So I noticed the I210-T1 supports MCTP and not seeing where I can disable this, checked the firmware boot config guide and it was conspicuously blank: https://www-ssl.intel.com/content/www/us/en/support/articles/000005790/software/manageability-produc... Upgrade, Enable, or Disable Flash with the Intel® Ethernet Flash...
Also anybody know if the I210-T1 hooks into IME if the onboard (which IME normally uses) is disabled, i.e. I get the feeling Intel is sneaky like that.
Message was edited by: Peter Thoenen - Typo
Thank you for posting in Wired Communities. Can you further clarify about this "know if the I210-T1 hooks into IME if the onboard (which IME normally uses) is disabled"?
Looking forward to your reply so that I can better check on this.
Sure, on that second question I have seen conflicting reports that IME only uses the onboard NIC and equally I have seen reports which state "no, it's directly tied into the PCI bus so whether it's soldered or plugged in, IME has hooks into all PCI NICs hence disabling the onboard and using a PCIE card (ala the I210-T1) is irrelevant as IME will simply use it as alternate path" (i.e. defeats the purpose of buying this card). In both cases these polar opposite reports come from people and organizations I highly trust and have for decades.
OFC neither answer is relevant to the other question which is how does one disable MCTP (or MCHI as effectively disabling either will do the same thing) on this NIC but regardless would like an answer for both.
The goal of purchasing this card is to have a NIC that simply functions has a high quality NIC with all remote low level access disabled at the NIC level (i.e. MCTP/MCHI/IME all disabled or not use as no network path).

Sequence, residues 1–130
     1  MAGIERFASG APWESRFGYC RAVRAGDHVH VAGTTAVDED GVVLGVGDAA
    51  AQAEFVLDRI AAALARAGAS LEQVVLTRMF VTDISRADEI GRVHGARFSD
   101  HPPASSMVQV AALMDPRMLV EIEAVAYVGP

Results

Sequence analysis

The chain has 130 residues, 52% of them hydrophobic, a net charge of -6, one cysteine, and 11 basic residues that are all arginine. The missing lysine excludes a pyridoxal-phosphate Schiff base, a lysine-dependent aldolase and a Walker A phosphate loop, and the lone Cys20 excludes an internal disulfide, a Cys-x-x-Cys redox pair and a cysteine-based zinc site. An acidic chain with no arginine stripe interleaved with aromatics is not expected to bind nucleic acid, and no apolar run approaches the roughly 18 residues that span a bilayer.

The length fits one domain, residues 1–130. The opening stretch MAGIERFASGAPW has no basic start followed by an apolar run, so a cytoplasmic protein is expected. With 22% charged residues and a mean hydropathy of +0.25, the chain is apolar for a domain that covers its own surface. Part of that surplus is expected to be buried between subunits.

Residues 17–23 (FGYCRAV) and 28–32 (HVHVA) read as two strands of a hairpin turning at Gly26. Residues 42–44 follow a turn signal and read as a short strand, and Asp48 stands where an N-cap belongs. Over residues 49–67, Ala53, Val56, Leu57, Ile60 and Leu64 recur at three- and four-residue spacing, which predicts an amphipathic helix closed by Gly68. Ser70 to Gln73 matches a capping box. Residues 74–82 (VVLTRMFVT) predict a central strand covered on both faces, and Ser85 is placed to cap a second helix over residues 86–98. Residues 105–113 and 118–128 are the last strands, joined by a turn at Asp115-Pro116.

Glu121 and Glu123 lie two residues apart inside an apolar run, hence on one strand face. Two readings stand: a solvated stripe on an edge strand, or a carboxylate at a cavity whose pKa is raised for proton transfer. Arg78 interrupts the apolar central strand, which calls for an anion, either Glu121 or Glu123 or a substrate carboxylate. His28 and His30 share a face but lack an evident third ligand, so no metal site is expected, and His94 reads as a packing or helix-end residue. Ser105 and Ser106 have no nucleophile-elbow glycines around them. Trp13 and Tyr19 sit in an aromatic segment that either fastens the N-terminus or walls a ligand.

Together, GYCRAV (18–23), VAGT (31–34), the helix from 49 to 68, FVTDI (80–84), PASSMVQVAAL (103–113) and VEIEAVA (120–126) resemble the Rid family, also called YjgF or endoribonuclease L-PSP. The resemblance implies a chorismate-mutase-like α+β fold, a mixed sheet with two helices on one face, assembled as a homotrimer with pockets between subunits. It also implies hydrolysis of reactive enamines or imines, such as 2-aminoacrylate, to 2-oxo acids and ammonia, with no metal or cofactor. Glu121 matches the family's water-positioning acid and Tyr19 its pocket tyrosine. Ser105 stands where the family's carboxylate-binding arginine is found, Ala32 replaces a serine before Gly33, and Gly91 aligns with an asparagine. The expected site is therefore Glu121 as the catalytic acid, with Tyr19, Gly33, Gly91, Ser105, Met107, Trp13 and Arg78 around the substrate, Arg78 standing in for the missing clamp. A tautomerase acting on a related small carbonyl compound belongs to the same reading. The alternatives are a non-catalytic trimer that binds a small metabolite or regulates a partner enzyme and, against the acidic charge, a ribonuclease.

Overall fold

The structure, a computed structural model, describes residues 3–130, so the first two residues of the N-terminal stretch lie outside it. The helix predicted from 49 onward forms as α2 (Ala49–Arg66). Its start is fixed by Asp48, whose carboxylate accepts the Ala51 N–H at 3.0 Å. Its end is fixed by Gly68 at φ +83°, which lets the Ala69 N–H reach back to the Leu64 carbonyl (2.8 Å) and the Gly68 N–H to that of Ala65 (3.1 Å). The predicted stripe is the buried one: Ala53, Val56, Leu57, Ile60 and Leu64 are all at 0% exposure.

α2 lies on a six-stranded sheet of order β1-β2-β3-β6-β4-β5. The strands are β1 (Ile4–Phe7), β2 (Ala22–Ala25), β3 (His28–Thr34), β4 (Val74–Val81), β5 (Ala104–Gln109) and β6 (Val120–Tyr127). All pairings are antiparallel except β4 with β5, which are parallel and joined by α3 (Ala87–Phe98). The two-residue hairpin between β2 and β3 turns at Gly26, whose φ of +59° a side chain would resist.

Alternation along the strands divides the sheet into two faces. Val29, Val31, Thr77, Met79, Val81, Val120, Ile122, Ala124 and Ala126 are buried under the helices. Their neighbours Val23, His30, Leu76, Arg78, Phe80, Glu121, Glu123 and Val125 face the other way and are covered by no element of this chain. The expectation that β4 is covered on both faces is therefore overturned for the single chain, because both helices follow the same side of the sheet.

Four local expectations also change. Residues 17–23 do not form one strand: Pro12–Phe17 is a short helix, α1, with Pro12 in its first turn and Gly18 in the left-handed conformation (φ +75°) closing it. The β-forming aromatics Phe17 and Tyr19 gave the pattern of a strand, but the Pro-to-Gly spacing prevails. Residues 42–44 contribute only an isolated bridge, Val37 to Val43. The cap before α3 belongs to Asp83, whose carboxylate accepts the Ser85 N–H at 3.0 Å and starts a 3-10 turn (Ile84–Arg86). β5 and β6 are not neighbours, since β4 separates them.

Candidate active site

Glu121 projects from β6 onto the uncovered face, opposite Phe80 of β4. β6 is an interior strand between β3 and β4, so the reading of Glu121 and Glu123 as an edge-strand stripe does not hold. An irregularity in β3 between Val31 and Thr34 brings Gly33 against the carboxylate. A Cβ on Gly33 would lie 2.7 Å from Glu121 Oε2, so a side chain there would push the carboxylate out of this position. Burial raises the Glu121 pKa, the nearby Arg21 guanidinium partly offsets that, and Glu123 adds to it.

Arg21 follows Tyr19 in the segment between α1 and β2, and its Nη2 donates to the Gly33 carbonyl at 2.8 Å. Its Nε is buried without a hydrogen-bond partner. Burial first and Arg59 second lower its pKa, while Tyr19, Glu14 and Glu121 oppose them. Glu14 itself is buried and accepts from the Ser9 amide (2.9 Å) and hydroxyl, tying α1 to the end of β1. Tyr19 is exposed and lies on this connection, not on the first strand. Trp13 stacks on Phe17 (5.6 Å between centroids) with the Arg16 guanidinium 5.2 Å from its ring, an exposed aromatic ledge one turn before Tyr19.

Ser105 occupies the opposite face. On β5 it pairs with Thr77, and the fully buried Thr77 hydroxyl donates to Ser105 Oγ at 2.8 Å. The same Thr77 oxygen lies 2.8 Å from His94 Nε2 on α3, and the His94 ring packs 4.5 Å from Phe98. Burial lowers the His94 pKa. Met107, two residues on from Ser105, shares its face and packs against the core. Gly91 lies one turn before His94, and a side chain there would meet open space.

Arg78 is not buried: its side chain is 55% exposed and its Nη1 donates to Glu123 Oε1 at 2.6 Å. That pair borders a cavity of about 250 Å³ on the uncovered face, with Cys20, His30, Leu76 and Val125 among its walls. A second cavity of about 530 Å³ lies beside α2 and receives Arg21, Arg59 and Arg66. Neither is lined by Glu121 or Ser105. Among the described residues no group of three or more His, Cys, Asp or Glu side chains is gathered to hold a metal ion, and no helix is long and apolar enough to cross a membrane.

Hi Peter Te,
Further checking, please submit your inquiry to sourceforge support for a feature request via the ticket option at https://sourceforge.net/p/e1000/mailman/e1000-devel/thread/4893591.dl3XO76euB%40wuerfel/
They will further assist you from there.
Thank you Sharon but I just want to make sure I understand your answer. You are saying that Intel does not allow MCTP to be disabled on the I210-T1 using it's existing Intel provided drivers and that I should submit a feature request for that? Also are you sure that mailing list is the correct place? It states it is for Linux related stuff and I am neither using LInux nor ARM but a good old Intel i7-8700 with Windows 10.
Also any progress on my question about IME listening in on non-onboard PCI cards?
Please provide the NIC's MM# , this piece of information can be found on the white sticker on the physical NIC. It is a 6 digits number usually start with number 9 which is located beside the barcode and below the complete model name of the Network adapter.
You can also contact our embedded support for them to better assist your inquiry.
I mean no offense at this but I don't think you understand the problem as your responses this entire thread have had nothing to do with the question.